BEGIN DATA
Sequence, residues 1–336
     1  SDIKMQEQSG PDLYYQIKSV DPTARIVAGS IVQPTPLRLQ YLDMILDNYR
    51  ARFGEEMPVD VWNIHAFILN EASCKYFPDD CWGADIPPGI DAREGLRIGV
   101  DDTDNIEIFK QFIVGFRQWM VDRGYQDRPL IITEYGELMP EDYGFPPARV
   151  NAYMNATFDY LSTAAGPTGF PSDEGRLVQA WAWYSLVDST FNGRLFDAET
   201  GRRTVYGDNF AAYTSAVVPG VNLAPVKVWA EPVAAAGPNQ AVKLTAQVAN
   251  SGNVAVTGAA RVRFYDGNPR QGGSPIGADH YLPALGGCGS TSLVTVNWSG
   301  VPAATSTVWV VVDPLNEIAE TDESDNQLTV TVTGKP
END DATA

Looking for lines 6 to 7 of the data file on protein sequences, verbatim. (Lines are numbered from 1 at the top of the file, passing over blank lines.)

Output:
   201  GRRTVYGDNF AAYTSAVVPG VNLAPVKVWA EPVAAAGPNQ AVKLTAQVAN
   251  SGNVAVTGAA RVRFYDGNPR QGGSPIGADH YLPALGGCGS TSLVTVNWSG